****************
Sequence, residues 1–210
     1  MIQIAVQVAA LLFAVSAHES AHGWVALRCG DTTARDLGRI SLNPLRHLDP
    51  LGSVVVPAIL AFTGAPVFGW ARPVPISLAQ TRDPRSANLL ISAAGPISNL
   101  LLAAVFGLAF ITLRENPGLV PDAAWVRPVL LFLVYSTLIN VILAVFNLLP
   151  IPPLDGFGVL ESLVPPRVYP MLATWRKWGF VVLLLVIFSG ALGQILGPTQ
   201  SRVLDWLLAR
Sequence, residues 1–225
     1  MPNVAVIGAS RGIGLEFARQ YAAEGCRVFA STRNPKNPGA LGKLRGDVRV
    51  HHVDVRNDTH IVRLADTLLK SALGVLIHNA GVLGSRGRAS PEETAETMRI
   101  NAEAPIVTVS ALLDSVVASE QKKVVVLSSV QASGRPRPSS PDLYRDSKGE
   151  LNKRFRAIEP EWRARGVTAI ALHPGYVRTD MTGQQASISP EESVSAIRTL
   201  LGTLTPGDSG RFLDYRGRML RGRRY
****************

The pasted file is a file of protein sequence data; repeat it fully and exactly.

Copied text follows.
Sequence, residues 1–210
     1  MIQIAVQVAA LLFAVSAHES AHGWVALRCG DTTARDLGRI SLNPLRHLDP
    51  LGSVVVPAIL AFTGAPVFGW ARPVPISLAQ TRDPRSANLL ISAAGPISNL
   101  LLAAVFGLAF ITLRENPGLV PDAAWVRPVL LFLVYSTLIN VILAVFNLLP
   151  IPPLDGFGVL ESLVPPRVYP MLATWRKWGF VVLLLVIFSG ALGQILGPTQ
   201  SRVLDWLLAR
Sequence, residues 1–225
     1  MPNVAVIGAS RGIGLEFARQ YAAEGCRVFA STRNPKNPGA LGKLRGDVRV
    51  HHVDVRNDTH IVRLADTLLK SALGVLIHNA GVLGSRGRAS PEETAETMRI
   101  NAEAPIVTVS ALLDSVVASE QKKVVVLSSV QASGRPRPSS PDLYRDSKGE
   151  LNKRFRAIEP EWRARGVTAI ALHPGYVRTD MTGQQASISP EESVSAIRTL
   201  LGTLTPGDSG RFLDYRGRML RGRRY